When we spoke with Charles Fox
, he told us how the show and the music for the theme came about. Said Fox: "When I did Love Boat
, before it was a television series it was a television movie, a 2-hour movie-of-the-week. And we did two or three of them. Doug Cramer, who had been the president of Paramount Television when I did Love, American Style
, he was partner on Love Boat
with Aaron Spelling. And when I had the first meeting about the show, he said, 'Just think of 'Love, American Style' on the water, on a cruise ship.' The only difference is that a cast of characters would revolve around each story, whereas in Love, American Style
, there are three separate segments with different casts - totally different scripts. Each one was about 12-14 minutes long. Love Boat
, the cast would intertwine two or three different stories, start with the captain, with the steward, and all that. And Gopher. So that was the basic difference. But he says, 'Think of 'Love, American Style' on the high seas.'
So that had to have a spirit of adventure, you know. And I will tell you something else, I don't know if I've ever told this story to anyone, but when I sat with Doug Cramer he asked me if I knew Murder on the Orient Express
, the film. It was a big movie at the time, and I said I did. He said, 'You know the shot of the train taking off - the Orient Express about to go from Paris to Venice and passing through the eastern block countries?' He said, 'There's a shot at the beginning, at the main title, where the wheel started to turn little by little, and the smoke stack.' And he says, 'There's a sense of excitement and anticipation. If you could write the same kind of music for that, I think that would be great.' So I said, 'Well, I remember that very well, and John Barry did a wonderful job with that, but it was a waltz.' I recall it being just a nice waltz which seemed to go very well with the period and all that. He said, 'Well, then, maybe you could use that as a guide.' Well, I went home and I looked at my show, and I said, 'It really has nothing to do with a waltz.' It was a big, elaborate film; it was Cinemascope with high shots of the train coming around bends. And ours needed to have more of an immediacy, it had more rhythm and more percussion. So I ended up writing the Love Boat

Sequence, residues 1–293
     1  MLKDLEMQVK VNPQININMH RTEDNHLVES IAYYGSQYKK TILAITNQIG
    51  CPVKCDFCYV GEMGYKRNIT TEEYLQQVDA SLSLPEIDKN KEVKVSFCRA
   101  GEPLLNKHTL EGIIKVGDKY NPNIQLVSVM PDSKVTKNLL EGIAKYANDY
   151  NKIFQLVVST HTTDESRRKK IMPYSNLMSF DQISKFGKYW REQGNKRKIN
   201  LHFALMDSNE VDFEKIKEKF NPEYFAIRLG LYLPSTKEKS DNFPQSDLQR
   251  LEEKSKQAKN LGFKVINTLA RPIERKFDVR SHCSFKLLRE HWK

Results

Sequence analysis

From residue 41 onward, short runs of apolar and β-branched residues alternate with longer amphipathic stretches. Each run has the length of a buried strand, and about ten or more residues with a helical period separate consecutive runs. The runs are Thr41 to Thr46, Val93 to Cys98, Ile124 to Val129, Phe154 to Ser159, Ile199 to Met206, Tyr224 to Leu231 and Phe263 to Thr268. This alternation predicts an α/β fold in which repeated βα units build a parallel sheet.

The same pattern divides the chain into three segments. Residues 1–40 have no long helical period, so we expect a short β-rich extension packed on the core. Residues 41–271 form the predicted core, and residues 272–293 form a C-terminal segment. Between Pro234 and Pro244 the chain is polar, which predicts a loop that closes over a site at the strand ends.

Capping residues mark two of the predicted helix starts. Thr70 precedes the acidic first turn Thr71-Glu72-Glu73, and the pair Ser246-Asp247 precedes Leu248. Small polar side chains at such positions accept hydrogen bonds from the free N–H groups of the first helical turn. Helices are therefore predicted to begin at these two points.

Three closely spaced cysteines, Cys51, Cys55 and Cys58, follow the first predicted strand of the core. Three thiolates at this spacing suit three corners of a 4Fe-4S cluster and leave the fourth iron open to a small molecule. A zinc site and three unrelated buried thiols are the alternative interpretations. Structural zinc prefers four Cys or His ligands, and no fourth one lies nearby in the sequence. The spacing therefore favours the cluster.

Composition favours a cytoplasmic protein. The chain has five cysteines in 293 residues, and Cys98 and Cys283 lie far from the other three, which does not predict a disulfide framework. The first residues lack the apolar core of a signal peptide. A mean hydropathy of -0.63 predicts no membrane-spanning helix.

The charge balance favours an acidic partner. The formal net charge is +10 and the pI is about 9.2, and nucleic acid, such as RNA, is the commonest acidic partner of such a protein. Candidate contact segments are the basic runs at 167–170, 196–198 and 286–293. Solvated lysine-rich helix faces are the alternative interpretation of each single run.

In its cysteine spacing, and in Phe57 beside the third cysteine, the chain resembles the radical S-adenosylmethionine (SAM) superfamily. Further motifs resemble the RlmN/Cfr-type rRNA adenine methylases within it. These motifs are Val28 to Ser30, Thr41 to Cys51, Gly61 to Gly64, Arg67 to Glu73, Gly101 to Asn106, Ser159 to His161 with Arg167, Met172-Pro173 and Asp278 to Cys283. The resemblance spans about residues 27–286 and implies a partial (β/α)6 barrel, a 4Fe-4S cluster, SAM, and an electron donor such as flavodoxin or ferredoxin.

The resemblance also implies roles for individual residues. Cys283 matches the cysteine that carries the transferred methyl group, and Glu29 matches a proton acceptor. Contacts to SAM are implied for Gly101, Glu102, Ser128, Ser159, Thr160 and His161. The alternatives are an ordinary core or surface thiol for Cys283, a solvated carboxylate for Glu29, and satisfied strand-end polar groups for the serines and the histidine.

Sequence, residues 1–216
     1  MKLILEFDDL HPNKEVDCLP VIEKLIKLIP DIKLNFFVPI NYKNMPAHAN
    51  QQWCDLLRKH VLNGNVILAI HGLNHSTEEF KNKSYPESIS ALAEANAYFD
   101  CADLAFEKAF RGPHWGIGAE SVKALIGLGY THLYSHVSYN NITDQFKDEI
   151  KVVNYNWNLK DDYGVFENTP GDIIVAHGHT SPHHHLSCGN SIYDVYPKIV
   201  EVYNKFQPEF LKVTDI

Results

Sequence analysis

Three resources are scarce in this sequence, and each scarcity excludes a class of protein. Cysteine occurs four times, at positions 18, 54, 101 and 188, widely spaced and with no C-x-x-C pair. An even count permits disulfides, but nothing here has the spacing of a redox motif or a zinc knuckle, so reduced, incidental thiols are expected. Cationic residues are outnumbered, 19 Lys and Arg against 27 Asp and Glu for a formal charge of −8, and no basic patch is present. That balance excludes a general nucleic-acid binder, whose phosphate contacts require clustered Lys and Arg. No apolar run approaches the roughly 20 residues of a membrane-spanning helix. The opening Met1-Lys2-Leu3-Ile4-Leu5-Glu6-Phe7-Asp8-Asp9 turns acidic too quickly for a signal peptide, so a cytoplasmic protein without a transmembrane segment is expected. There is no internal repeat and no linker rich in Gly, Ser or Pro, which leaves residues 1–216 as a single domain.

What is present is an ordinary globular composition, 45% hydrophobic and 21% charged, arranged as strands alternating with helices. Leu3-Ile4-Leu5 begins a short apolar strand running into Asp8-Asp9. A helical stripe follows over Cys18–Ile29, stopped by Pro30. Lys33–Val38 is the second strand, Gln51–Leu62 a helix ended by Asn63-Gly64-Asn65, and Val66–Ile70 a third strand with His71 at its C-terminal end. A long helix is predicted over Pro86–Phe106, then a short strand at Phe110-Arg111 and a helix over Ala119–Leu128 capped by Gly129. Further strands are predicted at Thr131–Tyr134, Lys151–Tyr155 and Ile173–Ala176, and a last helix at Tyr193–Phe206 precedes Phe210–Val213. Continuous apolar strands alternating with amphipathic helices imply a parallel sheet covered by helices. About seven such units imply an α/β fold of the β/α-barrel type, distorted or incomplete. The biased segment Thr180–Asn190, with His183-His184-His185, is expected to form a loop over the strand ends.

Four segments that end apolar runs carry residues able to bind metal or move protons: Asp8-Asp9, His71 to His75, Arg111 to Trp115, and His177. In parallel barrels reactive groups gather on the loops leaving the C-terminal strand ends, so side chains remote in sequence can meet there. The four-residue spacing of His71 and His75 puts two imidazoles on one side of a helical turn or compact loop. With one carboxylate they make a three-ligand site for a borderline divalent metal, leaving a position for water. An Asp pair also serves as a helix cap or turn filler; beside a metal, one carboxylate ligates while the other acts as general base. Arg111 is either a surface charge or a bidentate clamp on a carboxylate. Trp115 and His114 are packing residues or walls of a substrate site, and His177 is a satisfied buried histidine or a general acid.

theme with a disco beat. And Doug, when he heard it, said, 'Perfect.' (laughs) Said, 'It's exactly what I wanted.'"